The patient was transferred to the Department of Nephrology for optimal treatment. She underwent steroid and cyclophosphamide therapies, which immediately improved her renal function and global status (serum creatinine: 166 μmol/L at 6 months).

3. Discussion

Wegener's granulomatosis is a vasculitis with a prevalence of around 1/42000. Both genders are affected, and the mean age at onset is within the fourth decade. It mainly affects the upper and lower respiratory tracts (including the otorhinolaryngologcal area) and the kidneys, leading to renal failure. It may also impact other organs like the skin or peripheral nerves, but it rarely involves the urological area. Nevertheless, Wegener’s granulomatosis may affect large blood vessels such as the aorta or vena cava. Ureters may also be compressed by the large inflammatory mass. Rich and Piering describe a case of Wegener’s disease relapse with ureteral compression that occurred after a renal transplantation [1]. Ureteral lesions secondary to Wegener’s granulomatosis are very rare. In the literature there are about twenty documented cases with ureteral stenosis. The pelvic and iliac ureters are the main locations but some cases of multilevel and bilateral lesions have also been described [2, 3]. In patients with advanced Wegener's disease who suffer from bilateral compression, acute renal failure with anuria can be observed [4]. Other related systemic diseases may be complicated by ureteral stenosis: these are, for instance, the Churg Strauss syndrome [5], purpura rheumatica [6], dermatomyositis [7] and Kawasaki's disease [8].

The Wegener’s granulomatosis case described in this paper was particularly difficult to diagnose. In our observation, the main and first symptoms of the disease were ureteral stenosis, renal colic with renal failure associated with an inflammatory syndrome. Even if the PET scan was able to locate the areas where Wegener’s disease developed, the patient was completely asymptomatic in the lung and ENT areas. The chest and ENT imaging was normal. The results of the urological evaluation and PET scan, as well as the periureteral aspect, caused us to suspect a diagnosis of transitional cell carcinoma of the upper urinary tract. Moreover, this diagnosis could explain the inflammatory symptom and the alteration of the patient’s performance status.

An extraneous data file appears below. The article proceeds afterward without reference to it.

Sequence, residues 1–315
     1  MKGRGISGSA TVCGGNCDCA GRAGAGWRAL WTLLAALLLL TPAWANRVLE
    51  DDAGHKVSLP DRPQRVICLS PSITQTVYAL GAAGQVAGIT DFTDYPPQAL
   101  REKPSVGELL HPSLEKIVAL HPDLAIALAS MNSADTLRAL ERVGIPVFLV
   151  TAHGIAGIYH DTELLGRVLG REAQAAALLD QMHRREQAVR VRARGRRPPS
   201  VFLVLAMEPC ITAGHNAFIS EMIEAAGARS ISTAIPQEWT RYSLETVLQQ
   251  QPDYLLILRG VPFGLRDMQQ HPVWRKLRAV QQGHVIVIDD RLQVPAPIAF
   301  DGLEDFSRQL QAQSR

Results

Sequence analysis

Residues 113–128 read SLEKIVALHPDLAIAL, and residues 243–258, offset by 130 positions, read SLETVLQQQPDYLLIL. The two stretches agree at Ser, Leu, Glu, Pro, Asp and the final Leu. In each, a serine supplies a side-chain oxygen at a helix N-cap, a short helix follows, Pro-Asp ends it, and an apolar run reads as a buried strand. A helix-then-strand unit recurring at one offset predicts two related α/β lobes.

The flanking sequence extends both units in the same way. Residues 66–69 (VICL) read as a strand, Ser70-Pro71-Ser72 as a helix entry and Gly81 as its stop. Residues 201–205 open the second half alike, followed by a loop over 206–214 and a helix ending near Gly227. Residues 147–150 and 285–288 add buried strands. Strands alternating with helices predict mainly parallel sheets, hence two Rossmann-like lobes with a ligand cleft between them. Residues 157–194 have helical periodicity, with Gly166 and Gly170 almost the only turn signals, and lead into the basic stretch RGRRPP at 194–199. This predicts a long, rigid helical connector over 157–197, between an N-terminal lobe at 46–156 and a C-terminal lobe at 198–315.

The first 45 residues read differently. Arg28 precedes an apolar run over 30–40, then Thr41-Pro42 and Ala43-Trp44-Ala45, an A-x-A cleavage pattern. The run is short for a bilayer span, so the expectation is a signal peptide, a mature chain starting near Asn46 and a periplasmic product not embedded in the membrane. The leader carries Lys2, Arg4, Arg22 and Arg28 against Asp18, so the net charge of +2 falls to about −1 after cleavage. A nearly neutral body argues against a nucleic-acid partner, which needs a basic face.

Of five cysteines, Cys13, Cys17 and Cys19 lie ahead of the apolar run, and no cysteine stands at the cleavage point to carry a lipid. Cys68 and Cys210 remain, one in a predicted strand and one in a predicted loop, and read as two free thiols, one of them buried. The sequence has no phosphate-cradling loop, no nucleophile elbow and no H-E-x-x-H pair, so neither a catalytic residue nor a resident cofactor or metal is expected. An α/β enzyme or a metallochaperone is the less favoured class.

To our knowledge, only Kamar et al. have already published literature on two patients with Wegener's granulomatosis exhibiting isolated ureteral stenosis [9]. The first presented with a high-degree fever, asthenia, arthralgia, and myalgia. The CT scan demonstrated unilateral hydronephrosis without any urinary symptom. The second was a woman with asthenia, low urinary tract infection, and lower back pain. An intravenous urogram showed unilateral hydronephrosis. In both cases, the ureteral stenosis was excised by open surgery. Histologic examination revealed lesions of Wegener’s granulomatosis.

Our case is similar, and describes a very particular aspect of Wegener's granulomatosis with isolated initial ureteral symptoms. The first suspected diagnosis was a transitional cell carcinoma of the ureter, and most of the tests were performed to confirm this diagnosis. After the surgical resection of the right ureter, however, a Wegener’s granulomatosis diagnosis was established, and the patient was quickly referred to a specialized department where treatment was rapidly started.

4. Conclusion

Among the multiple causes of ureteral stenosis, the most frequent are the urologic neoplastic, or “extra urologic”, diseases. Wegener's granulomatosis may occasionally involve the urologic area. Our report shows that urologic lesions may reveal the disease. In the case where no other organ is affected, the diagnosis is then difficult to establish. In terms of prognosis, however, any ureteral mass should be considered as an upper urinary tract transitional cell carcinoma until the final pathological diagnosis is reached.

References

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Copyright © 2011 Julien Lillaz et al. This is an open access article distributed under the Creative Commons Attribution License, which permits unrestricted use, distribution, and reproduction in any medium, provided the original work is properly cited.